MRI-Based Deep Learning Segmentation and Radiomics of Sarcoma in Mice.

Journal Article (Journal Article)

Small-animal imaging is an essential tool that provides noninvasive, longitudinal insight into novel cancer therapies. However, considerable variability in image analysis techniques can lead to inconsistent results. We have developed quantitative imaging for application in the preclinical arm of a coclinical trial by using a genetically engineered mouse model of soft tissue sarcoma. Magnetic resonance imaging (MRI) images were acquired 1 day before and 1 week after radiation therapy. After the second MRI, the primary tumor was surgically removed by amputating the tumor-bearing hind limb, and mice were followed for up to 6 months. An automatic analysis pipeline was used for multicontrast MRI data using a convolutional neural network for tumor segmentation followed by radiomics analysis. We then calculated radiomics features for the tumor, the peritumoral area, and the 2 combined. The first radiomics analysis focused on features most indicative of radiation therapy effects; the second radiomics analysis looked for features that might predict primary tumor recurrence. The segmentation results indicated that Dice scores were similar when using multicontrast versus single T2-weighted data (0.863 vs 0.861). One week post RT, larger tumor volumes were measured, and radiomics analysis showed greater heterogeneity. In the tumor and peritumoral area, radiomics features were predictive of primary tumor recurrence (AUC: 0.79). We have created an image processing pipeline for high-throughput, reduced-bias segmentation of multiparametric tumor MRI data and radiomics analysis, to better our understanding of preclinical imaging and the insights it provides when studying new cancer therapies.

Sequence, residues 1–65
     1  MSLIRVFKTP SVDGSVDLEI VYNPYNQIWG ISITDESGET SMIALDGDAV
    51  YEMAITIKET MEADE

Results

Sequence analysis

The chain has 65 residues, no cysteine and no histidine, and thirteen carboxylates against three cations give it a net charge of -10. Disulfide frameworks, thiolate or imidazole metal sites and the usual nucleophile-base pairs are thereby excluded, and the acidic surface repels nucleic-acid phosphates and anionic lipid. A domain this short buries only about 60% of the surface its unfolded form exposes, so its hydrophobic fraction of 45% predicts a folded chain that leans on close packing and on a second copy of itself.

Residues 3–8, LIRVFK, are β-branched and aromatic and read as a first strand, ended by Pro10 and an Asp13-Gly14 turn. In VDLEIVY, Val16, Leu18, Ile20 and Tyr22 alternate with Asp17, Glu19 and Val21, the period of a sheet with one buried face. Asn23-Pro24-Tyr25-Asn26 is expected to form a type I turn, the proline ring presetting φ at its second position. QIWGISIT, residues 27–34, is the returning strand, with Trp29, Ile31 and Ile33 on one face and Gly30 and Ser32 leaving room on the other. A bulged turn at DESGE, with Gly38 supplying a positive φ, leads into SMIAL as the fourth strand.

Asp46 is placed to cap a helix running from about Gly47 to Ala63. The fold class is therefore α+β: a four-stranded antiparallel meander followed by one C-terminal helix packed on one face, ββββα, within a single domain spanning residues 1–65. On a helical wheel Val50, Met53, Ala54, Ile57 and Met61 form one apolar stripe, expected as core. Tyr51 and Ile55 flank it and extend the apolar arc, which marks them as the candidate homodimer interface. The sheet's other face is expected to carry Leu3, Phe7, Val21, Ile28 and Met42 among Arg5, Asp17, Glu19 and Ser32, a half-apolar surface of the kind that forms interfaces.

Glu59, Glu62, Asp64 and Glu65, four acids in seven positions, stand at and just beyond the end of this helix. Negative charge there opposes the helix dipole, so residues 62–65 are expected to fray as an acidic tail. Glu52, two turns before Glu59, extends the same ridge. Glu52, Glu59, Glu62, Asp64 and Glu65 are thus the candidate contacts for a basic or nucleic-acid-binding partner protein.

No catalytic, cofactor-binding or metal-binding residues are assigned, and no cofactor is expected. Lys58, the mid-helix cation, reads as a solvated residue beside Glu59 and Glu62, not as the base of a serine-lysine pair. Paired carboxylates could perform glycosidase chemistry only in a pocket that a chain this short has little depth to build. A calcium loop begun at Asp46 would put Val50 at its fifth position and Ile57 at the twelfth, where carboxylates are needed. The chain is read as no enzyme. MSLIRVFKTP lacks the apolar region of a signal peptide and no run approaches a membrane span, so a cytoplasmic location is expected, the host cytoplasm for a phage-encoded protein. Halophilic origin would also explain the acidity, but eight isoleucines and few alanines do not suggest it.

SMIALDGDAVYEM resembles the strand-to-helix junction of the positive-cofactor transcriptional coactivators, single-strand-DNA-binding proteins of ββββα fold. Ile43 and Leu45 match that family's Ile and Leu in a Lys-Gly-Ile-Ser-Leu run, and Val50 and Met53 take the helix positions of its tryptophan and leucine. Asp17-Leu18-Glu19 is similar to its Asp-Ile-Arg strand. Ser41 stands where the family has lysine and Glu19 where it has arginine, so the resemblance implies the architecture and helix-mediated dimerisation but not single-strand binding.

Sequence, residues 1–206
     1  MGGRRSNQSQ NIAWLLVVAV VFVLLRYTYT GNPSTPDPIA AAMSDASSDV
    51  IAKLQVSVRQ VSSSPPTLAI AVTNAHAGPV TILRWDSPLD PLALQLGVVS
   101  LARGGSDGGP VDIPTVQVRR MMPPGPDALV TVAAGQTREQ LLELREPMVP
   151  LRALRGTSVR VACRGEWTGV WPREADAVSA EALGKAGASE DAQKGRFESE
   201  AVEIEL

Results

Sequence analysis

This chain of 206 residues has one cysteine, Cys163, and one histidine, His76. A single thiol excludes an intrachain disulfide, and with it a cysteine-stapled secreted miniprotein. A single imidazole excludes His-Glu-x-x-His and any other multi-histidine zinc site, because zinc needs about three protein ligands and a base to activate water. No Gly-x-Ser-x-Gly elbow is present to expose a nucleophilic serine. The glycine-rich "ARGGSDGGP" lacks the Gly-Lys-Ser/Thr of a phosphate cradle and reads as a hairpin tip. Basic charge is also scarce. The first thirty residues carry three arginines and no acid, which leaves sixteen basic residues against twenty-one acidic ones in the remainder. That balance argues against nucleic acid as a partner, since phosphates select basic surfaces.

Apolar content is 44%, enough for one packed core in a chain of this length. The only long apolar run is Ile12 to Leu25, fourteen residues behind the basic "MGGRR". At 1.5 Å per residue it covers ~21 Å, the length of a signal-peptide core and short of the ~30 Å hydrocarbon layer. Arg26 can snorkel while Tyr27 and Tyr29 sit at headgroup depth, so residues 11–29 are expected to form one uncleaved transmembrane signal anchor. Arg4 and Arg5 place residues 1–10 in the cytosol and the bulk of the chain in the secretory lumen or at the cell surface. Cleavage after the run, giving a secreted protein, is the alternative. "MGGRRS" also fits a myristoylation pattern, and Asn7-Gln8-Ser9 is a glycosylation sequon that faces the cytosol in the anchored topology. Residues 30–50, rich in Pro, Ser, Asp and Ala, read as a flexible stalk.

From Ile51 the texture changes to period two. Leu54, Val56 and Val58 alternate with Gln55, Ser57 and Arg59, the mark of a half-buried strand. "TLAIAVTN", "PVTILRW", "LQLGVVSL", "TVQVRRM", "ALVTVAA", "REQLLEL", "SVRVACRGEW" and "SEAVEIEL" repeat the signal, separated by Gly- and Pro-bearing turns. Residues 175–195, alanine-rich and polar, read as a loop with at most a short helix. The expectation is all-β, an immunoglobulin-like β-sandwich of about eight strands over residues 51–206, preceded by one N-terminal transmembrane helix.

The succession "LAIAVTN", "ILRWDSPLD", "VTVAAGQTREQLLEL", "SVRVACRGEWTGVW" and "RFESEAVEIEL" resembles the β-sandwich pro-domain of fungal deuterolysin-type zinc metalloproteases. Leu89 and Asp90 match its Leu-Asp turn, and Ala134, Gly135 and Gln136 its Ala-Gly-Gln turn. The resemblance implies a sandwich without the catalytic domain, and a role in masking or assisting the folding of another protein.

Full Text

Duke Authors

Cited Authors

  • Holbrook, MD; Blocker, SJ; Mowery, YM; Badea, A; Qi, Y; Xu, ES; Kirsch, DG; Johnson, GA; Badea, CT

Published Date

  • March 2020

Published In

Volume / Issue

  • 6 / 1

Start / End Page

  • 23 - 33

PubMed ID

  • 32280747

Pubmed Central ID

  • PMC7138523

Electronic International Standard Serial Number (EISSN)

  • 2379-139X

Digital Object Identifier (DOI)

  • 10.18383/j.tom.2019.00021


  • eng

Conference Location

  • Switzerland